In the temporal world of the judiciary, the administrative and the legislative, the three powers of the State that are (or should be) separate and distinct, those who are called to these responsibilities need to have a sound understanding of human nature and the nature of reality. They have to understand their identity as human beings, coherence and an ability to relate to reality. Vital questions for any statesman or legal authority revolve around the understanding of the human individual in society, and of the individual and society in reality at large. This understanding has to repose on a solid philosophical basis in terms of metaphysics and epistemology. You won’t find very much of that in most politicians whose ideology is little more than self-interest. From metaphysics comes a basis of spirituality in the individual and the community in the form of the Church. Chesterton once said “When men choose not to believe in God, they do not thereafter believe in nothing, they then become capable of believing in anything“. “Nature abhors a vacuum” is a postulate attributed to Aristotle. In a benign form, religion provides man with self-understanding and a sense of community.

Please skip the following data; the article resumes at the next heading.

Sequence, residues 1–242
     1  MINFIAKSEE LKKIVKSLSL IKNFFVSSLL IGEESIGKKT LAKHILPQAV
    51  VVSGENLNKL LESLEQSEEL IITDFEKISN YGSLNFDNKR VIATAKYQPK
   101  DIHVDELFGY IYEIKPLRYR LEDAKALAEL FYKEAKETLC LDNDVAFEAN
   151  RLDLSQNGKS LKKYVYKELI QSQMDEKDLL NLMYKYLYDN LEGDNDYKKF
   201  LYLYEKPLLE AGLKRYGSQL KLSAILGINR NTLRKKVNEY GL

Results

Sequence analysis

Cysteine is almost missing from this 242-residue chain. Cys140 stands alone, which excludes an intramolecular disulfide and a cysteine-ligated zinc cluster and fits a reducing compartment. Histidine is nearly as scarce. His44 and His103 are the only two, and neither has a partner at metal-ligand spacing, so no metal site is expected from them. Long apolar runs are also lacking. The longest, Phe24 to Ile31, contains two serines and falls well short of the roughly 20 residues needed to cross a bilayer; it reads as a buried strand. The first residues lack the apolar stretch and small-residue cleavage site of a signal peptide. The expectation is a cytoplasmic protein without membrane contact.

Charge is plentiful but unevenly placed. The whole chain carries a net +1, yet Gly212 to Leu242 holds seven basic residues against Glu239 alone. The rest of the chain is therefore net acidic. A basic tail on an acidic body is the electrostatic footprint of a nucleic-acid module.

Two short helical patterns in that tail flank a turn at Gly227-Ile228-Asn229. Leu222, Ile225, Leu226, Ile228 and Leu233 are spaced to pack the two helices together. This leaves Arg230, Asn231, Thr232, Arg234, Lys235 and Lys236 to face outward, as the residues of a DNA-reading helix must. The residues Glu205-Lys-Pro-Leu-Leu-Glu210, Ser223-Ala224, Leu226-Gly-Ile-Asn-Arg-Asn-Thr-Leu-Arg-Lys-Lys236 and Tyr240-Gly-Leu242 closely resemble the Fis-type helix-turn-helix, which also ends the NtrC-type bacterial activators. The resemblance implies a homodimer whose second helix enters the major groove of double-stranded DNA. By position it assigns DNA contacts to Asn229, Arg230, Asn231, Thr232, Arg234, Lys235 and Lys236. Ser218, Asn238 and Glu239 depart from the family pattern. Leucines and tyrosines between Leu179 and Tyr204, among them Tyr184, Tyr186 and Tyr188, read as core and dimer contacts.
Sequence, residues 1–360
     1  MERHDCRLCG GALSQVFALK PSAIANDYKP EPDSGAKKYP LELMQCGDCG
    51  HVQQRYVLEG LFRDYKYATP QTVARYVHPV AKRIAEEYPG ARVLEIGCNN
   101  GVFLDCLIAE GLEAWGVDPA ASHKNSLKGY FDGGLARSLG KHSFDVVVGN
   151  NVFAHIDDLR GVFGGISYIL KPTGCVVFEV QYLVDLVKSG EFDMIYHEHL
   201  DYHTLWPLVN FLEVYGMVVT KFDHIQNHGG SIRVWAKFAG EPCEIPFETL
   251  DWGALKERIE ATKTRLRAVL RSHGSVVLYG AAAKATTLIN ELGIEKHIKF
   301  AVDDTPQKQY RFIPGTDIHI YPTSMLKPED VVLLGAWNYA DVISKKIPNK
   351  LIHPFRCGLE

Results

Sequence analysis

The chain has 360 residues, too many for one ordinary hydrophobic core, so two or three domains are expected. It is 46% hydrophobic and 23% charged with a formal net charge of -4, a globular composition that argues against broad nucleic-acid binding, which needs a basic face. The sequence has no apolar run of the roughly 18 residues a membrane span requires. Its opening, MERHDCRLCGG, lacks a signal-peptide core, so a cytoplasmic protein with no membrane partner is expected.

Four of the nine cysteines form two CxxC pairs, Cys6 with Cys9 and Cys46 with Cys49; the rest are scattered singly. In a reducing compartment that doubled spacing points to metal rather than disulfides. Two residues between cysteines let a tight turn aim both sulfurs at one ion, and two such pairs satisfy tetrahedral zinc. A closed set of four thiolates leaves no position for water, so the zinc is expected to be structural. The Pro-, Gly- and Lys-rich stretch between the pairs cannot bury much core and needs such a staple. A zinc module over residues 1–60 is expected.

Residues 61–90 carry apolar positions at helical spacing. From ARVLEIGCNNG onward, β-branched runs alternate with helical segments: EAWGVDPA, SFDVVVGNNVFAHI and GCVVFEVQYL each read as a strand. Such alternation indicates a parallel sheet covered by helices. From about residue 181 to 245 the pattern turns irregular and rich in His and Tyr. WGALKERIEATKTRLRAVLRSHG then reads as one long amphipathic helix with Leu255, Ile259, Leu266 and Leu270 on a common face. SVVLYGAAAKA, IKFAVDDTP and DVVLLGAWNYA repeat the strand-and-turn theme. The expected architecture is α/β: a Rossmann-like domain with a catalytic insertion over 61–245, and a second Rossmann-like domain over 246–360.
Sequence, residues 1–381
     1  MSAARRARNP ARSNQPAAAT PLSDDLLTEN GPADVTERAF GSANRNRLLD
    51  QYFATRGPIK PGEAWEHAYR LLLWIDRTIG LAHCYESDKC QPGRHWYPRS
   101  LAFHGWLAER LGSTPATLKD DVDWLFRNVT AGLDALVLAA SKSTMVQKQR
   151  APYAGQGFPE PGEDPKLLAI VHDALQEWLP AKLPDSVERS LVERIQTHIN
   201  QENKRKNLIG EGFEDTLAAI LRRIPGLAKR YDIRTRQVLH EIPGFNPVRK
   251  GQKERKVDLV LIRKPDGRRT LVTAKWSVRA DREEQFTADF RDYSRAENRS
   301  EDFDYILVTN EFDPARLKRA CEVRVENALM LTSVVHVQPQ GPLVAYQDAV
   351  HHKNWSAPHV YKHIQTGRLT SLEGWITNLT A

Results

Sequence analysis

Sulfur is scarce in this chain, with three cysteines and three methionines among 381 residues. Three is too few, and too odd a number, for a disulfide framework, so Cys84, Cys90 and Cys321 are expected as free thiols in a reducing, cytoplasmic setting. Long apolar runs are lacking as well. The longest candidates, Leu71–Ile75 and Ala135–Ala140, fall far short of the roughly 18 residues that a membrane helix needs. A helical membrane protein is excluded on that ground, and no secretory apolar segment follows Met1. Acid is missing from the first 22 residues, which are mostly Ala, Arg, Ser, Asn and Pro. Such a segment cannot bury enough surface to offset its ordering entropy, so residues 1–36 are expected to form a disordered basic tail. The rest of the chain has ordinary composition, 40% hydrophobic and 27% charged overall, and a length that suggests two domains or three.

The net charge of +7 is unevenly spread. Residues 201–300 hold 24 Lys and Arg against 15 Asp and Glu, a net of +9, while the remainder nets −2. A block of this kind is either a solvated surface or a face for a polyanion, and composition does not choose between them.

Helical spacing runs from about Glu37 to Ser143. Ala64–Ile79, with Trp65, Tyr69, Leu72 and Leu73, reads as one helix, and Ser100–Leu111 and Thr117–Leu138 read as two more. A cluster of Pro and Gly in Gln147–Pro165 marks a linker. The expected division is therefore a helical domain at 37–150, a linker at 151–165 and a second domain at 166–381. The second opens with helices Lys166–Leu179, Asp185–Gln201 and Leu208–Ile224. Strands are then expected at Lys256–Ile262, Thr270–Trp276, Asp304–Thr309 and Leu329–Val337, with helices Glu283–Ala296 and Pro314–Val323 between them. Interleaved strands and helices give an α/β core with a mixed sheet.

A spiritual model of humanity links the individual or person to ultimate reality, even if that truth is mysterious and unattainable by the simple use of reason. There are issues to be faced between German Idealism and various forms of Realism. What is Truth? I have already written a few articles in my open-minded scepticism. Post-Truth. Novalis has always been a great favourite of mine. He offers a refreshing alternative view on Truth than something that powerful people possess. I quote from the encyclopaedia article:

The challenge of romantic philosophy consists in the attempt to think systematically but without allowing thought to stagnate in a final set of truths or dogma. Philosophy ought to be open-ended; it should develop in close interaction with the natural sciences as well as the humanities. In short, philosophy should take the shape of a sustained intellectual experiment; it should be forever on its way and thoroughly inductively minded.

The idea of “ultimate reality” is a partial description of God. the archetype of the reality to which we aspire. Totalitarianism, with its roots in history, understands the human being as a mechanistic automaton driven by individual self-interest and governed by impersonal laws of nature. We are governed by self-interest, a function of the pleasure and happiness, freedom from want, pain, and sadness, and standards of biological fitness including survival and reproduction. These are governed by the use of money. In its excess, man is viewed as an economic unit subject to monetary control, through centralisation and mechanical determinism. This is a negation of human dignity and sovereignty, reducing the human race to cattle. Such a dystopia is incompatible with any kind of religion other than what Marx called the “opiate of the masses“.